Road safety tips for the festive season

Festive Season: Road safety tips

South Africa's roads will be busier than usual during the festive season. Here are ways to ensure you arrive alive. 

Traffic / iStock

Every year, thousands of people die on the South African roads.  Last year, more than 1400 people died during the festive season alone.

To minimise the risk of becoming a victim, it is important to take the necessary precautions before you hit the road. 

'Check coolant, fluids and oil levels. Check that the spare wheel is in good condition and properly inflated. Make sure that you have a serviceable jack and wheel brace. Ensure any luggage or cargo is put in the boot or secured in the vehicle,' states Arrive Alive. 

It is also important to check your car's roadworthiness by examining the headlights, indicators, stop lights, tail-lights, windscreen wiper blades, mirrors, brakes, steering, tyres, tyre pressure, exhaust system, and possible oil or fuel leaks. 

READ: Traffic volume expected to increase ahead of festive

As part of the Decade of Action for Road Safety 2011-2020 campaign, the SA government announced that it is targeting  four key areas:

  • Fatigue or driver fitness.
  • Drinking and driving.
  • Use of seat belts. 
  • Pedestrian safety.

Before hitting the road, ensure that you are well rested, and if you are going to be traveling long distances, take breaks along the road and rest. Fatigue can result in reduced attention, awareness, and ability to control the vehicles. Some drivers could also fall asleep behind the wheel. So, rest is important.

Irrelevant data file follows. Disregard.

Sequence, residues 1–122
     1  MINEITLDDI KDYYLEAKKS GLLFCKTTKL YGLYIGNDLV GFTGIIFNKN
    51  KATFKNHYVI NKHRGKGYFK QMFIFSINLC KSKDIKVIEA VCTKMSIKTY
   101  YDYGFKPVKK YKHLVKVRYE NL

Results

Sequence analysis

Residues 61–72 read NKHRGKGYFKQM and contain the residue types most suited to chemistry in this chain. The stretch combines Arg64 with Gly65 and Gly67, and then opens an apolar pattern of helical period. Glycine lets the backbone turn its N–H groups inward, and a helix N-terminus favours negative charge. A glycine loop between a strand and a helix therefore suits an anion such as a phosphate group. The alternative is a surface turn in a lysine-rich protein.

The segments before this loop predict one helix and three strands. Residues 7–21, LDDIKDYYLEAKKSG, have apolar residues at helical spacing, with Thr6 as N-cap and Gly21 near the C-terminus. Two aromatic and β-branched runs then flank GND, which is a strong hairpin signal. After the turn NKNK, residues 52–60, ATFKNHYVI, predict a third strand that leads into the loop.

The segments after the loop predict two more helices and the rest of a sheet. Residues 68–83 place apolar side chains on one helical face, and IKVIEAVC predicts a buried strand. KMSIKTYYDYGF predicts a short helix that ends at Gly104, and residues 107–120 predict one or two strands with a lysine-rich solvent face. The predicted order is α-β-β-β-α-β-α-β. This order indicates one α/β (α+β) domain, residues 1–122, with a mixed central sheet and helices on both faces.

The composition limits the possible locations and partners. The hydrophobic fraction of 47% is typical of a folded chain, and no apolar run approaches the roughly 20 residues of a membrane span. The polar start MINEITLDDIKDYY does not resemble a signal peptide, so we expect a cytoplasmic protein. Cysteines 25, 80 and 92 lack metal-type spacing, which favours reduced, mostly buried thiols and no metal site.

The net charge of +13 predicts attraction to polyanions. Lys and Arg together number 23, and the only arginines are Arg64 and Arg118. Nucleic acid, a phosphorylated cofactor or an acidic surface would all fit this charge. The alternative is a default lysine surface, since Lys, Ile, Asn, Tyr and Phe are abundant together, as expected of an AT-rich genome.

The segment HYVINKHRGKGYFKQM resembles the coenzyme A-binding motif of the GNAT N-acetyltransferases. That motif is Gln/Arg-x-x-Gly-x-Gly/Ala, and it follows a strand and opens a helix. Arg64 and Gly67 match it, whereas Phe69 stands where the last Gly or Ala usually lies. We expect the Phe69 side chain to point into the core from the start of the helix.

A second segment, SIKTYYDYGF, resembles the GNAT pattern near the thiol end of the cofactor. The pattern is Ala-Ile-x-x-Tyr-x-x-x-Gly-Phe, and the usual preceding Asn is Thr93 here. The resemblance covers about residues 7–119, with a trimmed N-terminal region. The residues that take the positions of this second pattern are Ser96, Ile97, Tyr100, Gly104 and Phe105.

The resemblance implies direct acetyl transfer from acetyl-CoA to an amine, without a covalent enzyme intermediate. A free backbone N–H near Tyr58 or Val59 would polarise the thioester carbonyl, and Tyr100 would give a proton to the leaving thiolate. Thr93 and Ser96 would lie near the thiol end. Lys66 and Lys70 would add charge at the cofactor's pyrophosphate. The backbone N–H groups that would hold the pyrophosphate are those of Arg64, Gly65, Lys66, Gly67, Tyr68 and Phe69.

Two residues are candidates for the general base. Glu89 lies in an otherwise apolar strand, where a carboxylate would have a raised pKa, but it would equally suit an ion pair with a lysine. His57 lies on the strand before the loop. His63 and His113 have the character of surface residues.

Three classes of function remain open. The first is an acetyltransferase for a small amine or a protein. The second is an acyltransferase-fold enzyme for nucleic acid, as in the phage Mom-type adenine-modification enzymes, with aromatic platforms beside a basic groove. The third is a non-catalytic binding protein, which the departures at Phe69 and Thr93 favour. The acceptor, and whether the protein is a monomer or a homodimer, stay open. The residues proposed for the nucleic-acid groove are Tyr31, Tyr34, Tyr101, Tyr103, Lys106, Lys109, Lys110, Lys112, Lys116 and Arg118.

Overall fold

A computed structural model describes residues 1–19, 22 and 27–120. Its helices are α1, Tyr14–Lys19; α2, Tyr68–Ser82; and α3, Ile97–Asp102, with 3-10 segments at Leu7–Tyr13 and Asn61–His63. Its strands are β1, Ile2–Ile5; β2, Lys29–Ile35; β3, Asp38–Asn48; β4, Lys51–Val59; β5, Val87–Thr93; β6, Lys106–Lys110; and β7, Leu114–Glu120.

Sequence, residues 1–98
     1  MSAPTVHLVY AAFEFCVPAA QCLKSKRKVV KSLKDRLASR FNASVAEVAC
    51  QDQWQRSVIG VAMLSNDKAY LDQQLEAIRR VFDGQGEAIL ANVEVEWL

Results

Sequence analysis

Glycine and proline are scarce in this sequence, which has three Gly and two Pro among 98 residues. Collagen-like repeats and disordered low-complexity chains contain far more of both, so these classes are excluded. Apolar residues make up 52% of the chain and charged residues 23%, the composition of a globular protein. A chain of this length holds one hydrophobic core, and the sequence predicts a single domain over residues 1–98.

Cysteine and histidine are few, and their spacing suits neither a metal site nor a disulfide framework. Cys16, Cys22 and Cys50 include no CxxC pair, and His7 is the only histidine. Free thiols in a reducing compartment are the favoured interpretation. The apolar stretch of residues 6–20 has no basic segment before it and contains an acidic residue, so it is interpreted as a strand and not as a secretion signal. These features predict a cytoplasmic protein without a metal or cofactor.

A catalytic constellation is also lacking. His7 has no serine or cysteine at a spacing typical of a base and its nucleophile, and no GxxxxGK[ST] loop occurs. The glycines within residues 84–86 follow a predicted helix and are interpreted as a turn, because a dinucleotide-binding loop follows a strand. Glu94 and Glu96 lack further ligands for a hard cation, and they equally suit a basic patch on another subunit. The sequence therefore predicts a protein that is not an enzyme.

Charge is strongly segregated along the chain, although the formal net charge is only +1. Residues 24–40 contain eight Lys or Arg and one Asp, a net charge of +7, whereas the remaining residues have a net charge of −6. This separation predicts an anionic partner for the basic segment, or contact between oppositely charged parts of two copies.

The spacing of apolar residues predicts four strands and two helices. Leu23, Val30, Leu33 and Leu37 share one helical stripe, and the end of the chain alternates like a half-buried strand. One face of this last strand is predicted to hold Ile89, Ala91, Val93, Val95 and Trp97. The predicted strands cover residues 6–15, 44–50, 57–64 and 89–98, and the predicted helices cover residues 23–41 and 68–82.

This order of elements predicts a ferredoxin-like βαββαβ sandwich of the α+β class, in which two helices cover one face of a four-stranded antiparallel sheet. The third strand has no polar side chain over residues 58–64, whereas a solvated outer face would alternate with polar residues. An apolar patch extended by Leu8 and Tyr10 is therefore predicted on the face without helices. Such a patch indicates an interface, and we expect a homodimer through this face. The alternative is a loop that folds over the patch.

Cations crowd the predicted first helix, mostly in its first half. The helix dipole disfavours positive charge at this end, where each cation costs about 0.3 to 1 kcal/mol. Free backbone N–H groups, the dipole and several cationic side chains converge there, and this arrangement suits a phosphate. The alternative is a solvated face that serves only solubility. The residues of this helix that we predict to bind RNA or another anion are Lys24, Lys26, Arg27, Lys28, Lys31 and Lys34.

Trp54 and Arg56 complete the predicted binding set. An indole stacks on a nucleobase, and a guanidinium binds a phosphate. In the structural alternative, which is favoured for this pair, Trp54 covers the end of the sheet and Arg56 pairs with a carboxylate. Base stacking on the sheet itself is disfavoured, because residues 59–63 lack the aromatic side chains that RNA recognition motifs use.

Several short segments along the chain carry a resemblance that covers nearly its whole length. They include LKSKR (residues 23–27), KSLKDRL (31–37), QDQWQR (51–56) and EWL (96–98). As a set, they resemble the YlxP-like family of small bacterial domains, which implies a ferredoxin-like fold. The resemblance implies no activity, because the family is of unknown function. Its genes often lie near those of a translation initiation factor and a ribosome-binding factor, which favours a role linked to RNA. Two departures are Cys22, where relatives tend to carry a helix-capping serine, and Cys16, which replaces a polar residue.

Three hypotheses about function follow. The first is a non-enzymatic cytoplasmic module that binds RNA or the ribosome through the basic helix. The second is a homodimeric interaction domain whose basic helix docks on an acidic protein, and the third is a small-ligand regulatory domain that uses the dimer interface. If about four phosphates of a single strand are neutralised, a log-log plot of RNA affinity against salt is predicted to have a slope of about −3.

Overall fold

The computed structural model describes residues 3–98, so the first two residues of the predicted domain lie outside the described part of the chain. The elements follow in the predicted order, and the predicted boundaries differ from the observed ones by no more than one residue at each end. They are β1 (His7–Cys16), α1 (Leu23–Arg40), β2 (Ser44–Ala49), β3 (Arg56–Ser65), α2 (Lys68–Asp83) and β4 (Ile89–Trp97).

Drinking and driving is one of the biggest causes of road accidents. 

Research indicates that 50% of people who die on the roads have a blood alcohol concentration above 0.05 gram per 100 millilitres, states Arrive Alive. So, don't drink and drive. 

Arrive Alive also states that "just 2% of passengers buckle up". 

"Our message to buckle up must continue to resonate with motorists as a life-saving mechanism. We have seen unbuckled children and adults alike being [flung] out of cars, resulting in serious injuries and deaths that could have been prevented," politician Fikile Mbalula said in January.

Pedestrians must obey the rules of the road. Sadly, according to Arrive Alive, 33 percent of people who die on roads are passengers.

As a pedestrian, walk where you can be seen and if you are walking at night, wear reflective clothing or bright colours and carry a flashlight in places that have no streetlights. Pedestrians are also advised to walk on sidewalks and crosswalks. 

Don't just cross anyway, rather use the intersections where motorists can see you. Also, stay out of the driver's blind spot.

Remember speed kills. Do not go over the speed limit. It's harder to control a vehicle at higher speeds and this increases the likelihood of a crash.  

Also, when a car is speeding and hits a pedestrian, the impact will also be much greater and chances of injury or even death will be increased.

READ: Speeding major concern for traffic officials

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